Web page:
Dow Jones drops at end of trading
NEW YORK -- The Dow industrials dived into the close for the second day in a row Wednesday, matching big losses in the broader market that resulted from aggressive sales of technology shares. The average ended down 101.56 at 9,195.47.
Declining issues outnumbered advancers by a small margin on the New York Stock Exchange, and volume was 878.8 million shares.
Activity bumps stocks off list
New York Stock Exchange listings for companies whose names begin with the letters W, X, Y, or Z were not in The Augusta Chronicle's stock market listing Wednesday.
The newspaper runs an abbreviated listing from the Associated Press that is set up to be a specific size. It includes a mix of set stocks and those which the market considers most active for the day. An unusually high number of active stocks trading after the banking holiday Monday probably bumped the last few stocks off the listing, an Associated Press technician said.
The listing should return to normal for the rest of this week.
New-home building picks up
WASHINGTON -- Defying economists' predictions, builders in January started construction on new houses and apartments at the fastest seasonally adjusted pace in 12 years.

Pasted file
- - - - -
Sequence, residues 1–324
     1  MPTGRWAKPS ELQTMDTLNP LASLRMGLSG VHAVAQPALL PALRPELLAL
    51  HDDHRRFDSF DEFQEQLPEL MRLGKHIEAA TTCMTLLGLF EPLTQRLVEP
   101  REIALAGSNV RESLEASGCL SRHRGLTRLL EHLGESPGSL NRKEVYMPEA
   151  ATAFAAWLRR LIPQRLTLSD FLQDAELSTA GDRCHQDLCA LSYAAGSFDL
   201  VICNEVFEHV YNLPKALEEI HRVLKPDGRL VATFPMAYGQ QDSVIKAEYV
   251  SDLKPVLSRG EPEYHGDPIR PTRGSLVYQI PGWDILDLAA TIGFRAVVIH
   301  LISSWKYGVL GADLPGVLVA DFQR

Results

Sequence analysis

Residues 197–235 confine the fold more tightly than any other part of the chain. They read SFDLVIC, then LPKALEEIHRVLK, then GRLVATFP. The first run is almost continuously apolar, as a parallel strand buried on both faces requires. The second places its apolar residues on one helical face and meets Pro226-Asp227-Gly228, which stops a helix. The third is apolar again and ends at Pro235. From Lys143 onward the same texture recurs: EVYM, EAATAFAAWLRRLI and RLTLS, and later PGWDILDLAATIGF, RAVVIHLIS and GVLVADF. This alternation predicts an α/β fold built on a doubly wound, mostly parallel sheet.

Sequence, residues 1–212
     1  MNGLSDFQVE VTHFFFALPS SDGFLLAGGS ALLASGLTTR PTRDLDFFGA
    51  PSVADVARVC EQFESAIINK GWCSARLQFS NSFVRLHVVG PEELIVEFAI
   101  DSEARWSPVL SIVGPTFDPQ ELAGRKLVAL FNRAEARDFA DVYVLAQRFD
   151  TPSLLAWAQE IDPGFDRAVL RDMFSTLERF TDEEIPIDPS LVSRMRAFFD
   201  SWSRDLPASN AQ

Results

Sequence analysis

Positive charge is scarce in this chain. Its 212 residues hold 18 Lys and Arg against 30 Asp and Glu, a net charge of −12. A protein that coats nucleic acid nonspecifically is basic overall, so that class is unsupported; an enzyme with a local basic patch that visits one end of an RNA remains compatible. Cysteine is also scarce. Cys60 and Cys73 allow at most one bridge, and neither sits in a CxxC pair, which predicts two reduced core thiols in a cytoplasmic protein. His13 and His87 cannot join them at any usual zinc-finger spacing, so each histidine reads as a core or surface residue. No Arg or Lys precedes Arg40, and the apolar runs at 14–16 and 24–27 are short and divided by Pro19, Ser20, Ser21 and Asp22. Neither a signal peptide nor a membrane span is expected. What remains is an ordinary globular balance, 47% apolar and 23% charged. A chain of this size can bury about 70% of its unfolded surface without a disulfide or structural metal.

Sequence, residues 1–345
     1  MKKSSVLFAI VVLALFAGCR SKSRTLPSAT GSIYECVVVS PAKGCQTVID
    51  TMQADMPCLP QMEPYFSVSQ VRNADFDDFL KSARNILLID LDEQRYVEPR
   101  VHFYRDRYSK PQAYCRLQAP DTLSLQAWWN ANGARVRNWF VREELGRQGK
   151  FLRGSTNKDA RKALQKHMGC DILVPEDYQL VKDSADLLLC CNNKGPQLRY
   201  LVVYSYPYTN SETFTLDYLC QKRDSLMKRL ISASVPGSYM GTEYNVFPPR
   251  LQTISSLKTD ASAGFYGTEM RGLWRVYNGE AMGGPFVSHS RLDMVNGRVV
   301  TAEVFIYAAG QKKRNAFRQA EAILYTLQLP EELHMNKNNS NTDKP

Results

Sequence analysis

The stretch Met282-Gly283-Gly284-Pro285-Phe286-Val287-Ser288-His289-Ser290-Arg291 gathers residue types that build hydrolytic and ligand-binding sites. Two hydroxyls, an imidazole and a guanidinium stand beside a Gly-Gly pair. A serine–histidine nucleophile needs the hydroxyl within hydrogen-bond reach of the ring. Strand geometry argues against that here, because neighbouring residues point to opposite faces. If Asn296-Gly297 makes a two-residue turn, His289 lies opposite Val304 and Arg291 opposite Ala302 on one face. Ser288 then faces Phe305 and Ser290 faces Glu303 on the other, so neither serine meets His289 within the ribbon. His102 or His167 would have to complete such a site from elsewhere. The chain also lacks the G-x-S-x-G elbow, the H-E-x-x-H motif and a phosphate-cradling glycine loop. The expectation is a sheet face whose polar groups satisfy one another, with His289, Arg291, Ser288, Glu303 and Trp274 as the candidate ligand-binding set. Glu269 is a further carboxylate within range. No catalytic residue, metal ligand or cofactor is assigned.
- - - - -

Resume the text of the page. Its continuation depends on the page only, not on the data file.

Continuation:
But a separate report on Wednesday showed manufacturing stayed stuck in the doldrums last month.
Housing starts jumped 3.8 percent to a seasonally adjusted annual rate of 1.80 million, the most since December 1986, the Commerce Department said.
"The only reason housing starts weren't even higher is builders are having trouble ... finding qualified labor and they're having to stretch out their construction schedules," said economist Michael Carliner of the National Association of Home Builders.
Last year, builders started 1.62 million units, an 11-year high, and economists had expected January to mark the start of a modest decline during 1999.
Heinz reducing staff, selling Weight Watchers classes
PITTSBURGH -- H.J. Heinz Co. will cut as many as 4,000 jobs during the next four years, sell its Weight Watchers diet classes and close some factories to boost profits.
The company plans to concentrate on food products, including Heinz ketchup and Star-Kist tuna, officials said Wednesday.
Heinz executives want to save $2.5 billion during the next four years to reinvest in Heinz brands and $100 million to market food in other countries.
BP Amoco announces steep drop in profits
LONDON -- BP Amoco announced a sharp drop in fourth-quarter profits and said it will cut 3,000 more jobs, citing oil prices that are at a 12-year low and a downturn in the refining and chemicals business.
Chief executive Sir John Browne said Wednesday the latest job cuts are on top of 7,000 cuts already announced, amounting to a 10 percent reduction of the work force created when British Petroleum bought Chicago-based Amoco Corp.
British Petroleum's $48 billion purchase of Amoco was completed at the end of 1998.
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